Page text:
Te Rūnanga o Makaawhio goes digital
When Te Rūnanga o Makaawhio held its first paperless executive meeting, the room reverberated with laughter and puzzling queries as members tried to come to terms with their new Acer Iconica tablets.
The 12- member executive, aged from 30 to 70-plus, grappled with power-charging, screen time-outs and hitting wrong keys but most had been converted by the time the meeting finished. Tumuaki Susan Wallace says she’d have a fight on her hands now if she tried to take the tablets away.
“Everyone took to the new technology surprising well. We spent a bit of time at our first meeting running through the basics and most members found them very easy to use. I’d expected a lot of resistance but everyone was on board very quickly. Some still have a love-hate relationship with their tablet but based on our last executive meeting – the third using tablets – there’ve been no real problems.”
The move to paperless meetings stemmed from the rūnanga Taoka Inventory Project, supported by the
Ngāi Tahu Fund. The project focuses on the digital and photographic recording of all taonga attributed to and held by members of the Makaawhio rohe. That included the digital scanning of old photographs, whakapapa pages and treasured documents.
“That raised the whole question of how you go about safe storage in the 21st century,” Susan says. “We’d moved offices before and lost some of our papers and when we thought about the Christchurch earthquakes, we started to think about the tools that would help us secure safe storage and cut back on office costs.”
They began by investing in Acer tablets for the executive and each executive member agreed to forfeit a meeting fee to subsidise the cost. Susan estimates that the initial outlay will be covered by savings in staff time and stationery costs within six months.
“I used to spend days printing out and binding a 130-page agenda before each meeting. Now I send out a PDF via email and each member downloads that to their tablet. They can then use a range of applications to go through the agenda making notes, which we work through at our meetings. It makes far better use of our time both before and during the meetings.
“The only real issue we’ve had is the fact some members don’t have Wifi, which the Acer tablets need. But there are easy solutions to that. Some members come to the office, or to the local library to download the agenda and we have installed a satellite dish at the marae for when we have meetings there.
“It’s definitely something I’d recommend to other runanga. It’s made a huge difference in terms of paper and time savings in the office. I don’t print out anything anymore – we made a commitment to that – and now we’re looking into the best options for electronic and digital storage within the office itself. It’s made our executive meetings exciting, economic and fun.”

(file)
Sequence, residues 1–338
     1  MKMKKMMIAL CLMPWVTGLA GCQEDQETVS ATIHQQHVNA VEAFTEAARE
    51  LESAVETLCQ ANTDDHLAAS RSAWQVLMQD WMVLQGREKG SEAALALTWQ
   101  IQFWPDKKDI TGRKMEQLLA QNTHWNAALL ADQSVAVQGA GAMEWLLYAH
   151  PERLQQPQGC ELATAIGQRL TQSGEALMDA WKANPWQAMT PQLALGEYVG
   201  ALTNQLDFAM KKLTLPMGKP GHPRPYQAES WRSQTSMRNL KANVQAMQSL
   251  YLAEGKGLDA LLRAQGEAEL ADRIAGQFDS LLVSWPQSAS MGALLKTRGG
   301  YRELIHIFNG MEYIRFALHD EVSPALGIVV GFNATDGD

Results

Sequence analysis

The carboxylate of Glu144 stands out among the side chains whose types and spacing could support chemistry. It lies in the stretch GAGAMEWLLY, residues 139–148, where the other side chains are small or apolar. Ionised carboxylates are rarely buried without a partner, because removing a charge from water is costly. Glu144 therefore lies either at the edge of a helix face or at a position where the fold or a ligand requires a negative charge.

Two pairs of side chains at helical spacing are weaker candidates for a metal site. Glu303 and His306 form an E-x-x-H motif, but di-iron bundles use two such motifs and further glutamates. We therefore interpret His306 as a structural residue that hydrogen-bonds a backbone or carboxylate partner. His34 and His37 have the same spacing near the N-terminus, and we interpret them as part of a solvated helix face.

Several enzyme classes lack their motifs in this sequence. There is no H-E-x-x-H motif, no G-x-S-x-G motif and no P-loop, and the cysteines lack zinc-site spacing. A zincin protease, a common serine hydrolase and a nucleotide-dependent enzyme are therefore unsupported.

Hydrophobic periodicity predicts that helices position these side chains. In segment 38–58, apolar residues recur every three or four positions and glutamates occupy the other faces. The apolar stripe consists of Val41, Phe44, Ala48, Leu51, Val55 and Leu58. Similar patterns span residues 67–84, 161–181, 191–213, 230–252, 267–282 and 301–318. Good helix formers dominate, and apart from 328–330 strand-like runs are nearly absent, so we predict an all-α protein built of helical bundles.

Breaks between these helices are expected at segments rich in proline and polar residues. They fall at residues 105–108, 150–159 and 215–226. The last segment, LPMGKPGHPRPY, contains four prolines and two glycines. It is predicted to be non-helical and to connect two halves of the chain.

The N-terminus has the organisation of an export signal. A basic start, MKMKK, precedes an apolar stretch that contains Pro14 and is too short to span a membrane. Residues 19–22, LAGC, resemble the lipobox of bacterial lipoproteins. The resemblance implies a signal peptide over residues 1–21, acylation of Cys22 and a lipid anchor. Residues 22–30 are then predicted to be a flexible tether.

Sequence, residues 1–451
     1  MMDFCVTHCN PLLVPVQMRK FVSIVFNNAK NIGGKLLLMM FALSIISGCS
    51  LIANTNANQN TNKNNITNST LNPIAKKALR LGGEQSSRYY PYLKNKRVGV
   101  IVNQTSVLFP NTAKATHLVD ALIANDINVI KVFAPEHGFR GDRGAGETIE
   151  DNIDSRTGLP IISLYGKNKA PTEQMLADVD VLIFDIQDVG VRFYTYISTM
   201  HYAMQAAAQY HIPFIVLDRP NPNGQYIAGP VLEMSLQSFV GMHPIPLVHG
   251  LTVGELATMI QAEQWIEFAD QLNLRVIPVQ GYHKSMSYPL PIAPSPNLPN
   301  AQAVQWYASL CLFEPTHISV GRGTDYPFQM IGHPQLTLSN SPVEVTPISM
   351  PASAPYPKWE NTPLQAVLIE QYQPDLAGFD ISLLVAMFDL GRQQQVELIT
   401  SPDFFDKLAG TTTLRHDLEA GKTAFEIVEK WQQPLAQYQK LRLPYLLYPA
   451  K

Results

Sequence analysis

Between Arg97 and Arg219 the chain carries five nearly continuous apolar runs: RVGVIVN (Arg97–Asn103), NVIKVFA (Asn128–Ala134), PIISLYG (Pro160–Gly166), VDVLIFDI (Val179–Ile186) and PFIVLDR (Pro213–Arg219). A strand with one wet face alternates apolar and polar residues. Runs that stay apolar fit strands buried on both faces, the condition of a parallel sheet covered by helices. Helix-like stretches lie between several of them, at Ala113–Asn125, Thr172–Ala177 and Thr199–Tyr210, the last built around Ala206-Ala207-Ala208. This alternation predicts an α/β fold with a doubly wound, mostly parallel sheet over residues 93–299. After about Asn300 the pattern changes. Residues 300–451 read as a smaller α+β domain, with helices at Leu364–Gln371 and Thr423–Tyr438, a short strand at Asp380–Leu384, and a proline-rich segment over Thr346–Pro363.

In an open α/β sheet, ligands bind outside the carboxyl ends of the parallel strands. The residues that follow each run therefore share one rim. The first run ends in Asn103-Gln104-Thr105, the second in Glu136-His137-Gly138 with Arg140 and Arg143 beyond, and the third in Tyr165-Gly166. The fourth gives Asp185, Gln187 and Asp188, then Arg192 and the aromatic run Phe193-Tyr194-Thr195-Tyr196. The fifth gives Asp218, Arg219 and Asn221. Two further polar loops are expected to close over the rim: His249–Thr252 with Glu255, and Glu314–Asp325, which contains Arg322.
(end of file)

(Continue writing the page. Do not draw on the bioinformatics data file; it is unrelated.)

- Nā Adrienne Rewi
Jeff Mahuika has been pushing himself at the gym to get into the right frame of mind (and body) to carve 350 pounamu pendants for New Zealand’s Olympians.
It’s all about discipline, says Jeff (Ngāi Tahu – Ngāti Waewae/Ngāti Māhaki; Rangitāne).
“I’m into fitness. I go to the gym three times a day to get myself as close to the athletes’ mental state as I can. They’ve trained for years to get to this point and
I want to be in the same frame of mind.
I want to deserve the job.”
He likens the carving process to lifting weights at the gym, carving 10 pendants at a time, just as he does 10 repetitions with weights at the gym.
“I’m still training, even when I’m in my shed working the pounamu. I always work best under pressure and this way, I feel I’m experiencing the Olympics 350 times without ever leaving my seat.”
The pendants, carved from tahutahi or snowflake pounamu which is unique to the Cascade Plateau in South Westland, are a gift from Ngāi Tahu to New Zealand’s Olympians. The stone is distinctive for its brilliant white “starburst” features that Jeff associates with the snowy peaks of the Southern Alps.
Each of the 350 pendants, carved in the shape of a mere, has three grooves that signify the past, present and future. One side is left flat and unpolished, denoting untrained, undeveloped potential; the other side is rounded, “to remind the athletes that they’ve come from a raw state and made it to the peak of their chosen sport.” Each will have subtle differences, so that every athlete can connect to their own piece.
The mere design symbolises sport as modern warfare, Jeff says.
“In the old days when you saw someone holding a mere, you knew they were chiefs. They had the mana. I think that’s an appropriate design for the Olympics, which is a kind of modern warfare on the sports field.”